Federal court orders Justice Dept. to release NSA documents
On the very day the New York Times first disclosed the existence of the warrantless eavesdropping program, The Electronic Privacy Information Center ("EPIC") filed a Freedom of Information Act ("FOIA") request with the Justice Department seeking the disclosure of four categories of documents relating to the NSA program, including documents reflecting the method used to determine which American citizens were eavesdropped on, as well as documents pertaining to the legal "justifications" for the Administration's eavesdropping program.
Despite purporting to approve EPIC's request for expedited processing of the FOIA application, the Justice Department dragged its feet, never produced anything (or responded in any way to the request), and continued to conceal those documents. As a result, EPIC commenced a FOIA action against the DoJ in federal court in the District of Columbia, seeking a preliminary injunction compelling the DoJ to comply with the FOIA request and produce the demanded documents. The ACLU filed a similar suit which was consolidated with the suit filed by EPIC.
Today, Federal Judge Henry H. Kennedy, Jr. granted EPIC's Motion for a Preliminary Injunction (h/t Hypatia) and ordered the Justice Department, no later than March 8, to respond to the FOIA request and produce the demanded documents or, alternatively, specifically identify the documents and specify the ostensible reasons for withholding them. The Court's order (in .pdf) is here.
Many of these documents are among those sought by Senate Judiciary Committee Chairman Arlen Specter, which the DoJ is refusing to produce. But the FOIA requests here go beyond those which Specter is trying to obtain, since Specter is seeking only documents pertaining to the legal justification for the program but these FOIA requests also include operational aspects of the illegal eavesdropping.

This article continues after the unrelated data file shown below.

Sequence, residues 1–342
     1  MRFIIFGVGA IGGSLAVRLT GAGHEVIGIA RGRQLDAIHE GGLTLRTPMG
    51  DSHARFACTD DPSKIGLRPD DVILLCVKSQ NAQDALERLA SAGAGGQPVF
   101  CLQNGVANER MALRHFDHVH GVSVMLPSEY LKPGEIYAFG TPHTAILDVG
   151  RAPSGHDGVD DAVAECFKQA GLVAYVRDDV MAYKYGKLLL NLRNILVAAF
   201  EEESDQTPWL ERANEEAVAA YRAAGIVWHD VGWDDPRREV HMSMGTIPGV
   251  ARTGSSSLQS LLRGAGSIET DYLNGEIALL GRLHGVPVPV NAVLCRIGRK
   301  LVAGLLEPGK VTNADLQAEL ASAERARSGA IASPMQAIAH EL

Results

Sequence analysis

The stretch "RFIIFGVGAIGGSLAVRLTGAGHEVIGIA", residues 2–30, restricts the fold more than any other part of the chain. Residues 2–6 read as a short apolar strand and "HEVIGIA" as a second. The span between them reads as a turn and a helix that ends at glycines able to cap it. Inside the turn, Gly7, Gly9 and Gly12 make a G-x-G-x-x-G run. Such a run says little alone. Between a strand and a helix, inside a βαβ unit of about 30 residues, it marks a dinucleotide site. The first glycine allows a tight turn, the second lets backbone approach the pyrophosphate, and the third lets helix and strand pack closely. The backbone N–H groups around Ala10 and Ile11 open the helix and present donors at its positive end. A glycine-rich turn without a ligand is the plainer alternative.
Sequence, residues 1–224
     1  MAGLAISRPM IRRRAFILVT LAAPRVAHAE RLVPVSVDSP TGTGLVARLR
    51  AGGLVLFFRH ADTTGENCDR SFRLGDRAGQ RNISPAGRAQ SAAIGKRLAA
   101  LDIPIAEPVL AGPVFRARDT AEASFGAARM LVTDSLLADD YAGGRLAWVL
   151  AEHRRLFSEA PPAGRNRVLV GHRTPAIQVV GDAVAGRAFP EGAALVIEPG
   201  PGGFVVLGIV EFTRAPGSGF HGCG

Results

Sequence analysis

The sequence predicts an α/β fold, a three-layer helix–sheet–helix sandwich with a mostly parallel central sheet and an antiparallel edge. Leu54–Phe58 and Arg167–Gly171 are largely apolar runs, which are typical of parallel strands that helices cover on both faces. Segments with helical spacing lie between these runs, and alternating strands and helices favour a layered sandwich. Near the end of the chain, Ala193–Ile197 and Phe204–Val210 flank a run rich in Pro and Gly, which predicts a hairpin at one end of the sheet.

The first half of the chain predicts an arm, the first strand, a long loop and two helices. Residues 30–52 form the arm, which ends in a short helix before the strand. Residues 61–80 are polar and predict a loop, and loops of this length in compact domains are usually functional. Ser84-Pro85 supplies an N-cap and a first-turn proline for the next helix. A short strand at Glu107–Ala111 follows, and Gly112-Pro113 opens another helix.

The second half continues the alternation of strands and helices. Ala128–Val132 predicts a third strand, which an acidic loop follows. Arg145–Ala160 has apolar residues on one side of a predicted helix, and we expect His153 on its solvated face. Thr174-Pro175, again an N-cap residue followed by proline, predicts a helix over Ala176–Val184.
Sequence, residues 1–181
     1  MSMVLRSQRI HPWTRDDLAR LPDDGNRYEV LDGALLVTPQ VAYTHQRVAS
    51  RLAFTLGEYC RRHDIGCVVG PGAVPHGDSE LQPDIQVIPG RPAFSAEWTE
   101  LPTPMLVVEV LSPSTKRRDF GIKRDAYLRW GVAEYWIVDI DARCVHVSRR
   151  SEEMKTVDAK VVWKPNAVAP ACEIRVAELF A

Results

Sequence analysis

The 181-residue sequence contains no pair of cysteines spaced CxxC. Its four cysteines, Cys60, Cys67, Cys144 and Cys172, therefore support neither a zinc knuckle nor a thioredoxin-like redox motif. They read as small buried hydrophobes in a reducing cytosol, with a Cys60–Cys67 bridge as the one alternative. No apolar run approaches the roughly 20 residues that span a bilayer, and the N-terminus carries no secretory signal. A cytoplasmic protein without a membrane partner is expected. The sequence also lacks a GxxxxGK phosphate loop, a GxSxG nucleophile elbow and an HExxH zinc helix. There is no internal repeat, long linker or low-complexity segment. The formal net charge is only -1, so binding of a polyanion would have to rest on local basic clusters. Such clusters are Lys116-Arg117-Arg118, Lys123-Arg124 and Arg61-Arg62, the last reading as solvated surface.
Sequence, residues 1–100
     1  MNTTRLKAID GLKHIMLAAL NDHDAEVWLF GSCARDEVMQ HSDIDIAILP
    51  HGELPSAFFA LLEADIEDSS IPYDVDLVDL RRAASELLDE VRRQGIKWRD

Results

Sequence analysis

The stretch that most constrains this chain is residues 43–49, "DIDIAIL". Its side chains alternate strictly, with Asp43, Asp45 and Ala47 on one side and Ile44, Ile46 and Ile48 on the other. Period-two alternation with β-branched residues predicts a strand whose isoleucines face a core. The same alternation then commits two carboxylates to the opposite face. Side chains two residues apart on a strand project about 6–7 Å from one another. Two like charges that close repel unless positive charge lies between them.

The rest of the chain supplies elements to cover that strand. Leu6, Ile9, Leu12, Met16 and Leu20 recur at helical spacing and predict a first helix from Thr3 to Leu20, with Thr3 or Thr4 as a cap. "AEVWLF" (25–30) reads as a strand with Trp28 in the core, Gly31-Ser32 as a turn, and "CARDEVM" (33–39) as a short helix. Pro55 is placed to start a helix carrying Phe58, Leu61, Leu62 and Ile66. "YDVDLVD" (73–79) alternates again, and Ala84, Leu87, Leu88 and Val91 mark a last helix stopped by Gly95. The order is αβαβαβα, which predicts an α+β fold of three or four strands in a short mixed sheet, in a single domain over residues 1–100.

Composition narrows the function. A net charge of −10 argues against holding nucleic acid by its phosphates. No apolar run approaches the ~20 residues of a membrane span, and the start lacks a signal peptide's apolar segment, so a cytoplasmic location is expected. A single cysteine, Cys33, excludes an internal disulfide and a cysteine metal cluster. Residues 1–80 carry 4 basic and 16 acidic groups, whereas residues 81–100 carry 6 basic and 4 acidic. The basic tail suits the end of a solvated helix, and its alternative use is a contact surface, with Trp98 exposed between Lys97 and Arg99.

I do not know all of the implications of the Court's order, which will undoubtedly be appealed and perhaps stayed during the appeal. The DoJ is not yet being required to produce all of the requested documents but instead merely to "respond" to the FOIA requests, which leaves open the option of objecting to producing some or all of them on the grounds of various privileges and national security claims. But the Order does require the DoJ to "produce or identify all responsive records" by March 8, which means that they will have to identify the documents they want to withhold and provide reasons why they are withholding them (which the court will then review for validity).
As significant as the ruling itself is the rationale for it. The court explained:
President Bush has invited meaningful debate about the warrantless surveillance program. . . . That can only occur if DOJ processes [EPIC's] FOIA requests in a timely fashion and releases the information sought . . . .
[A] meaningful and truly democratic debate on the legality and propriety of the warrantless surveillance program cannot be based solely upon information that the Administration voluntarily chooses to disseminate.
As I have been indicating, this scandal has many tentacles. And each of them is growing inexorably. The White House is running around with a broom desperately trying to sweep each branch under the rug (odd behavior for a White House which claims to welcome this scandal because it politically benefits from it), but once the mechanisms of the Washington scandal machine are activated with full-force, it is very difficult to simply shut them off or the prevent the disclosure of information which someone is trying to conceal. Clearly, this scandal isn't going to fade away with a little arm-twisting of some weak-willed Senators on the Senate Intelligence Committee.